Top 10 Takeaways: Antoinette Kuritz, Founder of the La Jolla Writer’s Conference

Last night I attended the monthly meeting of the San Diego Writers and Editors Guild. The guest speaker was Antoinette Kuritz, founder of the La Jolla Writer’s Conference. She spoke about a wide variety of subjects related to writing, publishing and marketing, packing in a ton of information in just an hour. Here are my Top 10 Takeaways:

  1. Use both CreateSpace and Ingram Spark when publishing your book in print. CS gets your book on Amazon, and IS gets it into bookstores, where you can then start approaching local stores to do signings.
  2. Define your audience. Who do you see reading your book? Females purchase about 85% of books, including books read by men. Parents are the ones buying YA and children’s books; sell to the mothers, not the kids.
  3. Know the timeline to publication and your role throughout. Know how and when PR and marketing come in, as well as whether or not special sales will play any role (i.e. groups buying your book in bulk at discounted rates). If signing a traditional publishing contract, make sure you get more than 10 copies of your book so you can send them out for reviews. Ask for these up front, and present a detailed marketing plan so you’ll be sure to get as many books as you need.
  4. Write a book proposal – even if you are self-publishing! Would you go into any other business without a plan? No! So write the book proposal, which is your business plan, and then stick to it. Write your bio, which explains why you’re the right person to write this book; research your competition – who writes books like this, how are you the same and different as an author, and how did they become successful?
  5. If you buy media or blogger lists, use them within a week or two at the most, particularly because media outlet staff (especially TV) have high turnover. And understand your potential reach: if a blogger with 100,000 followers reviews your book, about 10,000 of their readers might be interested and read the review, of those maybe 1,000 will go to your website, and if it’s kickass maybe 100 of those will buy the book. Now imagine a blogger with 5 MILLION followers. You’ll sell many more books if you can get this person to review your book.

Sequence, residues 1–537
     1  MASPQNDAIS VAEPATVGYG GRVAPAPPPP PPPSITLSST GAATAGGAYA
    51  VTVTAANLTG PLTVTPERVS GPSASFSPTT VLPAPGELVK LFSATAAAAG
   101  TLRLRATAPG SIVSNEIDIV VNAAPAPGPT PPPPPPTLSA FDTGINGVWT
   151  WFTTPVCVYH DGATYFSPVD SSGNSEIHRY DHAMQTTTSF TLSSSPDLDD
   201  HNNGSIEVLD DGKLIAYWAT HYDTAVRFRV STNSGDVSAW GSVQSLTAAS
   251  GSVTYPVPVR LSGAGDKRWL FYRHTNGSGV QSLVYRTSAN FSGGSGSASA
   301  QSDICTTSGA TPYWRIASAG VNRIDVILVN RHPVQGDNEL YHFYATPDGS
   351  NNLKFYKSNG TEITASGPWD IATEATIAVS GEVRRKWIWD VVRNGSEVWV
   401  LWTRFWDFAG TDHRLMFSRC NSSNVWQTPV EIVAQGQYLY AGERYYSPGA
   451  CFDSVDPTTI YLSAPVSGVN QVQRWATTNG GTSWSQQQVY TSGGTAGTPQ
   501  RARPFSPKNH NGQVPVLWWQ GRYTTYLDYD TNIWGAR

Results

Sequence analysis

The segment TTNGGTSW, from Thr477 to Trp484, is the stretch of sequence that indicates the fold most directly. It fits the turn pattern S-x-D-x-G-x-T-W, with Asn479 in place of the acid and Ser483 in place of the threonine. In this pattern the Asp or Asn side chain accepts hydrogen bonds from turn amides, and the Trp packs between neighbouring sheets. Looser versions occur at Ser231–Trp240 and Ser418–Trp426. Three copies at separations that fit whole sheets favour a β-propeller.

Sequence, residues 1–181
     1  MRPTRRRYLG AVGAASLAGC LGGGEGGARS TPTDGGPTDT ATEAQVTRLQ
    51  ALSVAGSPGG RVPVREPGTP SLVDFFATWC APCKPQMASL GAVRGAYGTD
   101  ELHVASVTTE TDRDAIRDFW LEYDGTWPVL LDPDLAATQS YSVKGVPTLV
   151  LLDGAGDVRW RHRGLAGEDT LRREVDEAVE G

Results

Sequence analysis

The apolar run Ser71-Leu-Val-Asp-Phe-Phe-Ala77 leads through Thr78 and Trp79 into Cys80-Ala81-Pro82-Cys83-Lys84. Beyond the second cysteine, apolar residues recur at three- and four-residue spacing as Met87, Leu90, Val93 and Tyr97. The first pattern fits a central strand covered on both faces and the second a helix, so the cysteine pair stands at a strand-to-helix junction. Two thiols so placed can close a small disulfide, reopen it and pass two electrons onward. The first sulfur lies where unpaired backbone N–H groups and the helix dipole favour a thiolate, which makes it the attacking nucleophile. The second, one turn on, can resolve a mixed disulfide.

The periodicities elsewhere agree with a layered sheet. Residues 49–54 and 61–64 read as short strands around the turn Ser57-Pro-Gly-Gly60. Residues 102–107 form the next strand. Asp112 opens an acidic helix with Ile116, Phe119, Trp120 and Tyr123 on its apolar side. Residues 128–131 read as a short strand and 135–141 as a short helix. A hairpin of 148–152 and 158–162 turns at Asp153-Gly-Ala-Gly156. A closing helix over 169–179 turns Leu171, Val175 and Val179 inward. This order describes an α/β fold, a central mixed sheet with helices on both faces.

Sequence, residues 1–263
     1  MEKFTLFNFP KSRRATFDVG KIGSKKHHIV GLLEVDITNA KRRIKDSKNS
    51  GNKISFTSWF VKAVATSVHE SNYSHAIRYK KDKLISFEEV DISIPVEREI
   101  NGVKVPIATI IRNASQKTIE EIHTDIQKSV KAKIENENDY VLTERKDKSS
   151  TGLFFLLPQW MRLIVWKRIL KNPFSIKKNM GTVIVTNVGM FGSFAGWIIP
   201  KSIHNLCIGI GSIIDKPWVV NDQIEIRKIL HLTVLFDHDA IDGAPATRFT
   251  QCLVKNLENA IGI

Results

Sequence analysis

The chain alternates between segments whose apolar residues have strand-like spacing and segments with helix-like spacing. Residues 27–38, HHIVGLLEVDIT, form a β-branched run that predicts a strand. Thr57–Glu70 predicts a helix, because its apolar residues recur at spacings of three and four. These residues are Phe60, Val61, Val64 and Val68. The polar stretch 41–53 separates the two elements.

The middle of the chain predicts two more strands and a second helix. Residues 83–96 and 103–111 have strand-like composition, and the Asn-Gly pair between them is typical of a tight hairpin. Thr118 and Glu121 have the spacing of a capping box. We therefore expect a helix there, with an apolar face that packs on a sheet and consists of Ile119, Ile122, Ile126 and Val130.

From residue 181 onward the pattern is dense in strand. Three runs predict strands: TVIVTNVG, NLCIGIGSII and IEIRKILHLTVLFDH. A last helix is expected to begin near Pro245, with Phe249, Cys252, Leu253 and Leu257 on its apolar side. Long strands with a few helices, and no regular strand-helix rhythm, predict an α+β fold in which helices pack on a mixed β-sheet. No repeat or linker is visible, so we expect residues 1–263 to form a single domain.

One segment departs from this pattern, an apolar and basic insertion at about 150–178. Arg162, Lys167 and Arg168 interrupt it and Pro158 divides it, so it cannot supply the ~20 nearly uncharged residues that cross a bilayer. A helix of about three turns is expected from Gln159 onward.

6. Your website has to be really good! It’s an investment you have to make – look at other writers who are successful and see what they have that resonates. Definitely have your bio, synopsis of your book(s), and chapters of at least the newest book, if not all of them. If readers get through three chapters of your book, they will very likely buy, so include chapters on your website and have a BUY button right at the end to make it easy for them to do so. Don’t let your website be stagnant, follow the 72 hour rule.
  7. Amazon reviewers are the booksellers of today. If you can get them to review your book, that will help boost your sales. People follow Amazon reviewers they like and trust; aim for the Top Reviewers.
  8. Schedule your writing time, and don’t feel guilty about it. Concentrate on one project at a time, and finish it. If you need help, hire a book coach – you will meet with this person weekly, and have to produce a certain number of pages. If you can’t afford a book coach, join a writer’s group, as you’ll still have to produce a certain number of pages regularly.
  9. Find a conference that works for you. The best conferences focus on the art and craft of writing as well as the business side. Make sure there are successful writers teaching there, that you can meet the agents and editors, and there are classes – not just panel discussions. Read and critique classes with editors and agents are best, as they will get to hear you read aloud from your work, and may request more.
  10. Define your messaging. Think of your book as the hub of a wheel. Think of all the topics you can speak to that even tangentially touch your book – these are the spokes of the wheel. Ultimately, the media doesn’t care about your book. When you’re on TV or the radio, you need to be edutainment: be entertaining and have personality, not just say “you can read more about this in my book!” You can be an expert or authority on whatever your book is about – or on writing and the publishing industry.

I must admit, Antoinette’s speech has given me a lot of ideas, particularly since I’ve been pondering whether or not to attend one of the local writer’s conferences here in San Diego.

The La Jolla Writer’s Conference is coming up in November (it takes place November 11-13, 2016), so I am curious to see who will be on the faculty. At $395 for three days (with options to attend one day only, at various reduced rates), this conference typically appears to be jam-packed with classes and workshops – much different than the overwhelming number of panel discussions offered by other conferences – so it’s on my list. And if all of the speakers in attendance are as knowledgeable and well-spoken as Antoinette, it’d be well worth the price of admission.

What about you?

Have you ever attended a writer’s conference? What did you get out of the experience, and was it worthwhile?

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